1. What resonates most with you about the play?
I was in in western Poland on September 11, 2001.
My mother called me to tell me a plane had just struck the World Trade Center. I remember dropping the phone and running down the stairs where I was staying to make it just in time to see the live shot of the second plane striking the WTC. I remember the following moments involved me hyperventilating, searching out air with my lips.
Ever since then I have been searching for oxygen in many, many ways.
I was visiting family and friends in Poland during the prior two weeks, and was leaving for several train rides across the continent of Europe on my way to study abroad in England. On September 13th I stopped in Munich. On September 16th I was in Amsterdam, and just a few short days later I was in London, just a stop on my way to a sleepy southwest English town called Totnes.
As an American I saw much of the following year's worth of events unfold from outside my country's borders while splitting time between Poland and England and traveling with a theatre company on various projects. I officially returned to the United States a year and three months after 9/11, but in some ways I felt like I never really came back. I still do. The America I knew was hermetically sealed away in my mind, and I felt like I was now always looking at the country I grew up in, my country, with a completely different set of eyes and ears from a void in space...mostly because of the things I experienced in those first days, weeks, and months after 9/11.
I encountered people who had anti-semitic theories about the end of the world, like a rich American business man in Munich who told me about his limo drivers who were all from "The Arab World" who were like soothsayers of "the coming American apocalypse" because of "our involvement in Israel."
I met people who would ask if I was an American, and then would promptly thank me for dragging them into their war when I said I was one, and that any additional violence against my country we had earned because of our actions pre-and-post 9/11.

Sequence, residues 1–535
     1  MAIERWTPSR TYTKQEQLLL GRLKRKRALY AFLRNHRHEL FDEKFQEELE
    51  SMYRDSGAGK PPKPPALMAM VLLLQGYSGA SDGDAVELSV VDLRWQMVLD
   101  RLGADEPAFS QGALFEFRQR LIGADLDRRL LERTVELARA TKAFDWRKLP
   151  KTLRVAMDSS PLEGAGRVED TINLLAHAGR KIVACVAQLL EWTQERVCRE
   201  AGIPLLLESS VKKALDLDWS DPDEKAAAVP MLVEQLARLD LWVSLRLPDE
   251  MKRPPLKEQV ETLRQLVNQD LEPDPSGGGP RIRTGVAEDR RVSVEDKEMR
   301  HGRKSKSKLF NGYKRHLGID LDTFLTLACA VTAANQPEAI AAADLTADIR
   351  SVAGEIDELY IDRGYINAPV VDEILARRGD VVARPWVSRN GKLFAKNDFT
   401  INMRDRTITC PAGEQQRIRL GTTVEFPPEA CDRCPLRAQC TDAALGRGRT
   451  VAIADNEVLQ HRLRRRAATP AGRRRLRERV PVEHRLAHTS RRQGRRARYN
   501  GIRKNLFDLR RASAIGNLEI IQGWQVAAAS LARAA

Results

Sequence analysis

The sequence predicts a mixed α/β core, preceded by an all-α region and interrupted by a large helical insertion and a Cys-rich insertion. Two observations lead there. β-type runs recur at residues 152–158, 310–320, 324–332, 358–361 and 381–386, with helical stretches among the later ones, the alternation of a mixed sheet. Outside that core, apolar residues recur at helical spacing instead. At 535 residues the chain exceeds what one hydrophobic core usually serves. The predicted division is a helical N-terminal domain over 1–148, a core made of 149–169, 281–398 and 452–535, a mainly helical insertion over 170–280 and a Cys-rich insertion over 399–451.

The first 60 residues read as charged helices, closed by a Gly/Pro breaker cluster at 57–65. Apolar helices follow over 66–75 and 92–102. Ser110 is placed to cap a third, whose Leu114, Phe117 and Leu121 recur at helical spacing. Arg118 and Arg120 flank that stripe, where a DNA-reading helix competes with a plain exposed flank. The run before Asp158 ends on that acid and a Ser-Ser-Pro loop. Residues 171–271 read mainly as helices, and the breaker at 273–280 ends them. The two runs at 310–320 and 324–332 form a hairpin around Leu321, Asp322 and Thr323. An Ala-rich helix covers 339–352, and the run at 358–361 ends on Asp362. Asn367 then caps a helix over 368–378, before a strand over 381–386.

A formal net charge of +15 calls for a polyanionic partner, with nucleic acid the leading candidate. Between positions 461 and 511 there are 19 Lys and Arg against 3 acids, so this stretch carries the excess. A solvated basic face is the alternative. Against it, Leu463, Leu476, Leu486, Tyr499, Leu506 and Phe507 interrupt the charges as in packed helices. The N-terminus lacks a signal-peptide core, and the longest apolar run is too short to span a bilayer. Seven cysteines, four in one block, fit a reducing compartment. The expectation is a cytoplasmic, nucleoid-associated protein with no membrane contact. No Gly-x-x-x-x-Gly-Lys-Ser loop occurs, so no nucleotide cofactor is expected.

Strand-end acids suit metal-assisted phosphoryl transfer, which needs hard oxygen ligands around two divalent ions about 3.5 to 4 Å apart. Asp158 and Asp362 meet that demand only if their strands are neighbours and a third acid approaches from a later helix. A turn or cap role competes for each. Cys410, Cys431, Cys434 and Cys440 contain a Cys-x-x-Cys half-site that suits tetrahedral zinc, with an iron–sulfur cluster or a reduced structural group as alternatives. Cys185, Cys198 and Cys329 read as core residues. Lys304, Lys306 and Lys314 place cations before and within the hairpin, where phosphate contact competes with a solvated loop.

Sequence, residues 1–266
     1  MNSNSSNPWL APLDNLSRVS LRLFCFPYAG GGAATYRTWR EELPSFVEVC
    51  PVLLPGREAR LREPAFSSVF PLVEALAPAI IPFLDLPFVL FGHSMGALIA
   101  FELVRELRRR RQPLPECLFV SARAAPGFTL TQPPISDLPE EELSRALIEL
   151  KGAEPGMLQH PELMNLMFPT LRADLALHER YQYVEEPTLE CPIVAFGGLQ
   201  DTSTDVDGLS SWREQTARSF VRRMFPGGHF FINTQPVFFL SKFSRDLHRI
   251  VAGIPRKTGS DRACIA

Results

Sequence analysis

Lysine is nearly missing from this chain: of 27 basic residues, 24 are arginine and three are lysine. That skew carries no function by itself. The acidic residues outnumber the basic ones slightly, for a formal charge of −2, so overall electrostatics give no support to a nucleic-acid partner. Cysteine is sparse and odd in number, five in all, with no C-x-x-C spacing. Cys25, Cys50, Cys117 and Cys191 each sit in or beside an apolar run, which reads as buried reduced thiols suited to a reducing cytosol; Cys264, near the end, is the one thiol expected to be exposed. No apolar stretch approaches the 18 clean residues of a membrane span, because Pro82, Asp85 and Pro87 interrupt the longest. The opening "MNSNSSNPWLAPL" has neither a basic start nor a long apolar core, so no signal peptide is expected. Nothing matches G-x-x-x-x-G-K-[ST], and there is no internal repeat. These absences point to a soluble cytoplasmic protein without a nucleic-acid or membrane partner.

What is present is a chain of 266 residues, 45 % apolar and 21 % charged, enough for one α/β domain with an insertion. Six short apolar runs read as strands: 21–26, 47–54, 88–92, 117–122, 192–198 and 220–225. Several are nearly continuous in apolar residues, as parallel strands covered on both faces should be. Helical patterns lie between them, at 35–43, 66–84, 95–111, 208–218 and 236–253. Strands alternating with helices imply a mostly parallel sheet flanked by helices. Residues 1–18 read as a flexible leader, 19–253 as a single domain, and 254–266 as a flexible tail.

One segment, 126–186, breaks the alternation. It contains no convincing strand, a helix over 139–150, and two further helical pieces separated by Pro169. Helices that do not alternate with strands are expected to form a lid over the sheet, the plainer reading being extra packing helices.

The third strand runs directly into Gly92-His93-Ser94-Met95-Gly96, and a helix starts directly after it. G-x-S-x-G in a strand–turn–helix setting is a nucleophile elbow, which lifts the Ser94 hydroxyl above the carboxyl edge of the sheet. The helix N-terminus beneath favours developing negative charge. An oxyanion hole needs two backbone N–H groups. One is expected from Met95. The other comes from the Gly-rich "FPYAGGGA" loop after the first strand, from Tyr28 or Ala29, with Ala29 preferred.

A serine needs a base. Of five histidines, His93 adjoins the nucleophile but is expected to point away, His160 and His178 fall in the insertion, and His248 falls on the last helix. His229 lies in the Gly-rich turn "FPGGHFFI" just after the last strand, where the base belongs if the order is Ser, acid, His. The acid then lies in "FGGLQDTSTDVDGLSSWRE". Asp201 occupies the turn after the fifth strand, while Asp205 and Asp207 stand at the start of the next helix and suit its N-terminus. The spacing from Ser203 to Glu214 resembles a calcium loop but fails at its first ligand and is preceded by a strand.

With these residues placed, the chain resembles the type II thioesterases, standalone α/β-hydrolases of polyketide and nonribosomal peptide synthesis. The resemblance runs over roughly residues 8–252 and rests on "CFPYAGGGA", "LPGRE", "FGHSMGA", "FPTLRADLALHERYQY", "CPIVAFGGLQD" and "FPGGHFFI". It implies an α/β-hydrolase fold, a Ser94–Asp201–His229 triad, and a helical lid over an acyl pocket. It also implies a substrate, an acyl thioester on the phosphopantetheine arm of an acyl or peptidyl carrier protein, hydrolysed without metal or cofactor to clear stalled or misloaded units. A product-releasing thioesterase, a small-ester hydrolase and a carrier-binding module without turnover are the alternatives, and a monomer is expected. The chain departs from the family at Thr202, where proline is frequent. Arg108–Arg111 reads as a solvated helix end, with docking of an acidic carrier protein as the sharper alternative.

Then I reacquainted myself with my country...where all my friends would look up at the sky whenever they heard a plane going overheard with great anxiety...and I simply wondered what they were so scared about. Why were they holding their breath?
I felt at once detached from my American-ness (let's call it), and yet completely affected by it. I was neither "one of us" nor "one of them." I suddenly had a fully detached eye and ear for everything from my American friends, as well as my European friends, and other internationals acquaintances.
I felt like no person, no artistic expression, no piece of literature, no music, nothing could have expressed exactly what I felt, and the swirl of disjointed, yet seemingly connected thoughts spiraling around my head.
Then sometime in 2007 or 08, a professor at Towson University handed me a copy of Oxygen. I thought, and felt, like Ivan Vyrypaev had put my thoughts and experiences, in some semi-distant way, onto paper.
It had a strange mix of Christian, Judaic, Arab, Eastern European, American, European, international and yet local viewpoints that I have struggled with discerning for most of my life since 9/11.
I don't know what the play itself says.
I still don't know if it has a formal message.
It certainly has plenty of questions.
However, what ultimately draws me to it is this sense of a writer, an artist, and a person who is tired of history and tired of trying to read between the lines in order to figure out the subtextual meaning of all the world's madness, especially when none of us are very sure which lines to read between anymore. It's a script that rips apart conventions of performance and replaces them with a shattered vision of the world that is a mosaic of impulsive and improvised creativity, disciplined performance, thorough character study, as well as anarchic destruction of all forms.
I think of the last line of the play which references a meteorite from cold, cold space falling on the generation of Sasha and Sasha. After viewing the film Armageddon in the late 90s I used to say to most of my friends, whenever they were feeling a bit sad or anxious, that they shouldn't worry because a meteorite from space was going to crush us all and obliterate all our sins and accomplishments...so none of this mattered anyway. I used to say that as a joke. When I saw Vyrypaev offered that as a final image to this piece, I was sold on it for good. I don't know if he meant it as a cruel, sarcastic joke, or as a relief from carrying the world's burdens. I knew I wanted to perform this piece...in order to find out what it was to me...to find out what happened to my America, my world, which was obliterated by several silver meteorites on 9/11.
Then maybe I'll be able to breathe again...
2. What compelled you to bring Oxygen to Taffety Punk?
I always liked Marcus' approach to this thing called "punk rock theatre."
We have always talked about what it meant to have the dedication of a highly-trained, diligent artist, but the ability to toss away any inhibitions that would allow us to take on new forms of theatre, and challenging content.
Whenever I see a play, or performance piece at Taffety Punk I felt like it was a breath of fresh air. This play needed an environment where Oxygen could thrive. This theatre is that place.
3. How will you be approaching the stylized language and format of the play, as an actor?
I'm going to approach it the same way I've approached language my whole life...like a strange man in a strange land just trying to learn the language.